With the world facing food scarcity and health issues, finding a healthy way to detect harmful materials on our food is crucial. Brazilian researchers discovered an eco-friendly way to detect harmful pesticides on fruits and vegetables. They use a sensor made from a biodegradable, plant-based material.
A Positive Solution
Pesticides are not uncommon. Farmers spray them on plants to increase the crop size and help the produce grow. Unfortunately, the pesticides don’t always hit their intended target. Only 50% of the pesticides reach their destination. The other half is usually spread across food, soil, and water. When this happens, it increases the risk of ingesting or inhaling harmful pesticides. This could impose a risk to our health.
Currently, the method of detecting pesticides has some limitations. The method is based on accurate chromatographic techniques but requires sample preparations, costly equipment, skilled workers, long analysis time, and a lack of mobility. Researchers came up with a new solution using a biodegradable sensor. Paulo Augusto Raymundo-Pereira, the paper’s lead author, said, “Our invention offers a better alternative. It is an electrochemical sensor that combines low cost, fast detection, small size, easy production, user-friendliness, high selectivity, and on-site pesticide detection.”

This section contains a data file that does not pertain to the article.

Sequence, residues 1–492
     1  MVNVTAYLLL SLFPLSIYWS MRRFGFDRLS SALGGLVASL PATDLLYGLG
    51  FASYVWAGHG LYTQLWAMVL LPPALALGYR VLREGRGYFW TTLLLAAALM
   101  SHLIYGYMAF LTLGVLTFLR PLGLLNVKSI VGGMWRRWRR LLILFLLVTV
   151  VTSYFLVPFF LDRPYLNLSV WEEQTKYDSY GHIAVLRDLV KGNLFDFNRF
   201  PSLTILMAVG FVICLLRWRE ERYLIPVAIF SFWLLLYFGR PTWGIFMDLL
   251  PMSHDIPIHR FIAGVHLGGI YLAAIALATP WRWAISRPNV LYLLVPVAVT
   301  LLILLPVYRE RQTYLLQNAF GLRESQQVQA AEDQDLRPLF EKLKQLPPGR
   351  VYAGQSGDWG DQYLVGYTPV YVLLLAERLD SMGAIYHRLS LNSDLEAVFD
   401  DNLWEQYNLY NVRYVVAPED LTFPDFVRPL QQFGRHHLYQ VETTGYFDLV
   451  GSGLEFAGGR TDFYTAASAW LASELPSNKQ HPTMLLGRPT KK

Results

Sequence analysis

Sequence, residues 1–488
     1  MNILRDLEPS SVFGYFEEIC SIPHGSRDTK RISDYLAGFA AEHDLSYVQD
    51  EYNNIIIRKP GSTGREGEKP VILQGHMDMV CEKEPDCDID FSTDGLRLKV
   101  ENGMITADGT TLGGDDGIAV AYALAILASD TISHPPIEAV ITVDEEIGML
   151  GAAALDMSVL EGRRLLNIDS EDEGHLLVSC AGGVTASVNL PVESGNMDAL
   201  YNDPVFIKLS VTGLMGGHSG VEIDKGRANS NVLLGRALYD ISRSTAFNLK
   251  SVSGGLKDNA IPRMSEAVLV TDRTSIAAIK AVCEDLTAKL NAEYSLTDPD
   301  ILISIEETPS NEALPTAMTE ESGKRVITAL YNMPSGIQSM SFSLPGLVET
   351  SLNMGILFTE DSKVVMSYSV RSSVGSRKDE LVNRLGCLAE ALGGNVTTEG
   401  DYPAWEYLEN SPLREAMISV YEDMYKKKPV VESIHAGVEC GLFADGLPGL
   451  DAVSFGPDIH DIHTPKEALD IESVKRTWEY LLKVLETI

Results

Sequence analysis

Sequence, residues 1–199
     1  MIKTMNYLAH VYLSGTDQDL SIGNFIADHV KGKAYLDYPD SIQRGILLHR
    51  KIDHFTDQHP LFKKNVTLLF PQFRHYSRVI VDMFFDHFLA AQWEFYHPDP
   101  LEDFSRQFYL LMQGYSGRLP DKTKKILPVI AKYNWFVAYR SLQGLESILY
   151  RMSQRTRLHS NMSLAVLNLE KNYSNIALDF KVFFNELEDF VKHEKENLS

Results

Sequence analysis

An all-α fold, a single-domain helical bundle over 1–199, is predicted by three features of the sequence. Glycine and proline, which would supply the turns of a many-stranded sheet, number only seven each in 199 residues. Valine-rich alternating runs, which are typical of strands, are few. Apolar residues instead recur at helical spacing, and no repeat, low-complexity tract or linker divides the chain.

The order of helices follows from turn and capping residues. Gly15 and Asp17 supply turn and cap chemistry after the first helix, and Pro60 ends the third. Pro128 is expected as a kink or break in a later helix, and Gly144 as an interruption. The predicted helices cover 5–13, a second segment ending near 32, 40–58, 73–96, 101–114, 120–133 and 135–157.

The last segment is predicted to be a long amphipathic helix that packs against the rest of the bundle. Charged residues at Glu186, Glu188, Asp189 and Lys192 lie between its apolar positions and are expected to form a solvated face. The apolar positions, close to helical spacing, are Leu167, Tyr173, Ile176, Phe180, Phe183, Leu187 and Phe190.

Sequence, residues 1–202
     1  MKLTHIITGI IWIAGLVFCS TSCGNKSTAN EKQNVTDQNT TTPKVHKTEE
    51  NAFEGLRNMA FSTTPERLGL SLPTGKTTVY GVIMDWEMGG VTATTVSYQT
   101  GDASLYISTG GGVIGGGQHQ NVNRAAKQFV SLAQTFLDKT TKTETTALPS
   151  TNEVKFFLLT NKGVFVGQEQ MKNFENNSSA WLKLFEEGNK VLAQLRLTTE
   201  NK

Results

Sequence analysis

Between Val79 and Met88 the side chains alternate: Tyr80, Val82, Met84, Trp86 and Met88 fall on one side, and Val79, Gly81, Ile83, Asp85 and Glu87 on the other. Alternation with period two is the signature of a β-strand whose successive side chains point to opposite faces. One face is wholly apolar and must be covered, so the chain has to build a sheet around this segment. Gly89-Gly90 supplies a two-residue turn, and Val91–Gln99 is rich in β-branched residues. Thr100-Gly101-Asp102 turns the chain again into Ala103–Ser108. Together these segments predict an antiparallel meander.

How It Works
Researchers call the sensor “plant wearable” because they place it on the surface of the leaves, fruits, or vegetables. Researchers shape the plant-based material, cellulose acetate, into a mold and print three electrodes of the electrochemical system on it. Raymundo-Pereira said, “Unlike the conventional materials, which are derived from petroleum and take a long time to decompose, we used cellulose acetate, which comes from plants and has minimal environmental impact.”
Testing in the Real World
Researchers test the sensor in a laboratory setting by spraying several chemicals onto lettuce and tomatoes. One of the chemicals they use in the test is paraquat. While the European Union banned paraquat in 2003, Brazil still uses it. To show how the sensor works, researchers place it on the surface of the contaminated produce. Results show the biodegradable sensor detected a similar level of pesticides compared to produce using the most common type of sensor that uses polyethylene terephthalate.
Aside from the experiment, researchers also tested the effectiveness of washing and soaking produce before you eat. After washing and then soaking the lettuce and tomatoes for two hours, over 60% of the paraquat was removed from the vegetables. Raymundo-Pereira said, “The washing and soaking methods were clearly not enough to eliminate the pesticide residues. At least 10% remained on the peel or the leaves.”
Researchers believe health authorities and farmers around the world can use the sensor to verify the absence of pesticides. If farmers use the sensors in the fields, it can lead to reducing pesticides while maintaining a high production rate. This could lead to lower costs for the consumer.